Among the main strategies in the configuration of hegemonic masculinity in school, we find remarkable the way in which some children make use of "strategic borrowing" (Bridges & Pascoe, 2014) of "soft" forms of masculinity that help them reinforce male’s hegemony, achieving the "complicity" of some girls. Thus, some children seemed to distance themselves from the hegemonic power through speeches of kindness and respect, but at the same time they contributed to the collective discourse of passivity, defenselessness and the politics of feminine beauty, reinforcing the hegemonic heterosexual matrix. On the other hand, although most studies tend to place women as passive consumers of the resources used by men (Talbot & Quayle, 2010) in our research we have found that many of the girls took momentary control of the group interviews to defend Elisabeth’s position as a free agent, whereas at the same time they claimed a specific plot of romantic heterosexuality (Anggard, 2005; Kostas, 2016). The first results of the research indicate that it is not feasible to study hegemonic masculinity based on the hegemonic-subordinate dichotomy within the classroom, since there are diverse forms of masculinity susceptible to constant challenges. Therefore, from our point of view, although Connell's hegemonic masculinity concept continues to be useful within the school, however, it requires adjustments that may help us to theorize the performative character (Butler, 1990) acquired by masculine hegemony in contemporary societies. In order to theorize the configuration of hegemonic masculinity within the school context according to these new strategies and power formulas, a conceptual link between "hegemonic masculinity" (Connell, 1995, 2005) and "hybrid masculiniy" (Demetrious, 2001; Bridges & Pascoe, 2014) has been stablished.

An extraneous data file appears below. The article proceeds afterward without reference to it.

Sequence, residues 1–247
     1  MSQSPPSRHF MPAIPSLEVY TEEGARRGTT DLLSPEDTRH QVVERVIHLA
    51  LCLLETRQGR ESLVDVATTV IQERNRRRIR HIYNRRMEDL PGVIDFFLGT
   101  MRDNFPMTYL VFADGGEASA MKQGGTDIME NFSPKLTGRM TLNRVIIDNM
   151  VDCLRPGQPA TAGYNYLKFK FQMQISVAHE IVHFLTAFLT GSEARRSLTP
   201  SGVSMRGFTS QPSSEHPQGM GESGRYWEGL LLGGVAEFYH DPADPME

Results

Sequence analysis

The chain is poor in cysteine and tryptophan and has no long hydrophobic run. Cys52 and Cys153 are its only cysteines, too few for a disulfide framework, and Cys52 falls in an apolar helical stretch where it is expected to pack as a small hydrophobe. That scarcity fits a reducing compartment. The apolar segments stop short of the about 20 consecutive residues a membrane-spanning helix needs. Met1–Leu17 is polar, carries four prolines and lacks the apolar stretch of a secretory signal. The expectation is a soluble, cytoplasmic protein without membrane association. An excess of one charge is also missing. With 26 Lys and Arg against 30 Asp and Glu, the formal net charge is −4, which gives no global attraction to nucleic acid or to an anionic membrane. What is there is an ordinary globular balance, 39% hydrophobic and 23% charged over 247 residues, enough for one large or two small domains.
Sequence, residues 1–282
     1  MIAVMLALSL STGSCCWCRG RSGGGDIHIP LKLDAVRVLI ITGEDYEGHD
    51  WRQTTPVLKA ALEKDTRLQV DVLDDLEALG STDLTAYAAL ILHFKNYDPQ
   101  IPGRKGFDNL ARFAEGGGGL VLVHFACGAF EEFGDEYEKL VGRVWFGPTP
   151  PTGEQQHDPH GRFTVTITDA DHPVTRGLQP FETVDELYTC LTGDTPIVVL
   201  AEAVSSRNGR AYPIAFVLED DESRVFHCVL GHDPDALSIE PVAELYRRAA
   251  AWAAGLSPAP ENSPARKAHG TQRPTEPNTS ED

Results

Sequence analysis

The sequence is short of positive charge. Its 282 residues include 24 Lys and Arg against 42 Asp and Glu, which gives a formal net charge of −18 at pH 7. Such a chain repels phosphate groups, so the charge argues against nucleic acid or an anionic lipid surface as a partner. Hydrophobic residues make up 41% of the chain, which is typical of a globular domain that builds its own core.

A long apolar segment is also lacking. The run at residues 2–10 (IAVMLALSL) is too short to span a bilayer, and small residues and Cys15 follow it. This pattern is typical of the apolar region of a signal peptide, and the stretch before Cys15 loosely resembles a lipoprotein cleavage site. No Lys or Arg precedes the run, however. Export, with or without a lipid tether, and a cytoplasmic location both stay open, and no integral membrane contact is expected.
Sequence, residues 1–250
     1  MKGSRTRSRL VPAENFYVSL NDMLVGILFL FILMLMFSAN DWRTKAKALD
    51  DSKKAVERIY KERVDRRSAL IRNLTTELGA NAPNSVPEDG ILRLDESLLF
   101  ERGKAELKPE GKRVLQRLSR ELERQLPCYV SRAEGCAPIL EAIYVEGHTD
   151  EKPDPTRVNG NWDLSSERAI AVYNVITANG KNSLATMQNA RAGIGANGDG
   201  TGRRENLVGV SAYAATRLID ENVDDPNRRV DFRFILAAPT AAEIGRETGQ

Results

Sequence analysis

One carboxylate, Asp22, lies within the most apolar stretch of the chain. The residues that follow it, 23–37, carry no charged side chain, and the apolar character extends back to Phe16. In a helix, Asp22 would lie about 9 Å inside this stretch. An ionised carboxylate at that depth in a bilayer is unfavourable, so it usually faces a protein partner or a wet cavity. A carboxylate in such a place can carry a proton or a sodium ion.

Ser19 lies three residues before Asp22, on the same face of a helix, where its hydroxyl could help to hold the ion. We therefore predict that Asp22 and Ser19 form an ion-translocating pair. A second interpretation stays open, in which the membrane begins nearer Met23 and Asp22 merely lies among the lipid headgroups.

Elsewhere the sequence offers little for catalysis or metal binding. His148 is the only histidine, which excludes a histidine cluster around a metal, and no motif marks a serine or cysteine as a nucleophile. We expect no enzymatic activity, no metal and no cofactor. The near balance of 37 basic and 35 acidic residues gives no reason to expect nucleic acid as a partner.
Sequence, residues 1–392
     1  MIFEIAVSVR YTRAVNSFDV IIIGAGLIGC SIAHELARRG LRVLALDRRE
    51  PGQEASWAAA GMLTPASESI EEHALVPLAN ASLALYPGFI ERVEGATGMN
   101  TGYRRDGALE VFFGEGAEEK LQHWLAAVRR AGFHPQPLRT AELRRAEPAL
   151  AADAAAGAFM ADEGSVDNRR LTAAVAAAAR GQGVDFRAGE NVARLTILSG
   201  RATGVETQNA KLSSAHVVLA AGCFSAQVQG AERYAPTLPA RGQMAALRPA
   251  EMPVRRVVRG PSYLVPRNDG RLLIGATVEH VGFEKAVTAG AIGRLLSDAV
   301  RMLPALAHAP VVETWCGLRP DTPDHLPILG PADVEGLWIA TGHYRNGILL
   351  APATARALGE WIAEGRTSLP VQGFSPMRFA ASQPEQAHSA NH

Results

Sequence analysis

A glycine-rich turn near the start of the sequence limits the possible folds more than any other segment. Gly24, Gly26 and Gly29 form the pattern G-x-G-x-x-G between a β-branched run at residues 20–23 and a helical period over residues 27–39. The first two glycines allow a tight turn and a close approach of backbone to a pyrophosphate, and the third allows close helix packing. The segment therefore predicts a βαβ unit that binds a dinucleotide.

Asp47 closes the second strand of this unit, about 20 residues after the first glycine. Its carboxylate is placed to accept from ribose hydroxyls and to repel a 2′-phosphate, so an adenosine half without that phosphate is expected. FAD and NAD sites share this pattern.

Änggård, E. (2005). Barbie princesses and dinosaur dragons: narration as a way of doing gender. Gender and Education, 17(5), 539-553. Bartholomaeus, C. (2016). ‘Girls can like boy toys’: junior primary school children's understandings of feminist picture books. Gender and Education, 28(7), 935-950. Bartholomaeus, C. (2013). Colluding with or challenging hegemonic masculinity? Examining primary school boys' plural gender practices. Australian Feminist Studies, 28(77), 279-293. Beasley, C. (2008). Rethinking hegemonic masculinity in a globalizing world. Men and masculinities, 11(1), 86-103. Butler, Judith. 1990. Gender Trouble. New York: Routledge Bridges, T., & Pascoe, C. J. (2014). Hybrid masculinities: New directions in the sociology of men and masculinities. Sociology Compass, 8(3), 246-258. Connell, R. W. (1995). Masculinities: Knowledge, power and social change. University of. Connell, R. W., & Messerschmidt, J. W. (2005). Hegemonic masculinity: Rethinking the concept. Gender & society, 19(6), 829-859. Davies, B. (1994). Sapos y culebras: y Cuentos feministas: los niños de preescolar y el género (Vol. 16). Universitat de València. Demetriou, D. Z. (2001). Connell’s concept of hegemonic masculinity: A critique. Theory and society, 30(3), 337-361. Godinho, S., & Garas, D. (2012). (Re) Configuring masculinities in an ethno-centric Australian community school: complexity and contradictions. Gender and Education, 24(1), 83-99. Hearn, J. (2004). From hegemonic masculinity to the hegemony of men. Feminist theory, 5(1), 49-72. Johansson, T., & Ottemo, A. (2015). Ruptures in hegemonic masculinity: The dialectic between ideology and utopia. Journal of Gender Studies, 24(2), 192-206. Kostas, M. (2016). Snow White in Hellenic primary classrooms: children’s responses to non-traditional gender discourses. Gender and Education, 1-19. Messner, M. A. (1993). “Changing men” and feminist politics in the United States. Theory and society, 22(5), 723-737. Messerschmidt, J. W. (2012). Engendering gendered knowledge: Assessing the academic appropriation of hegemonic masculinity. Men and Masculinities, 15(1), 56-76. Munsch, R., & Martchenko, M. (1989). The Paper Bag Princess. Estados Unidos: annickpress Randell, E., Jerdén, L., Öhman, A., Starrin, B., & Flacking, R. (2016). Tough, sensitive and sincere: how adolescent boys manage masculinities and emotions. International Journal of Adolescence and Youth, 21(4), 486-498. Schippers, M. (2007). Recovering the feminine other: Masculinity, femininity, and gender hegemony. Theory and society, 36(1), 85-102. Swain, J. (2006). Reflections on patterns of masculinity in school settings. Men and masculinities, 8(3), 331-349. Wetherell, M., & Edley, N. (1999). Negotiating hegemonic masculinity: Imaginary positions and psycho-discursive practices. Feminism & psychology, 9(3), 335-356. Whitehead, S. (1999). Hegemonic masculinity revised. Gender, work and organization, 6 (1), 58-62.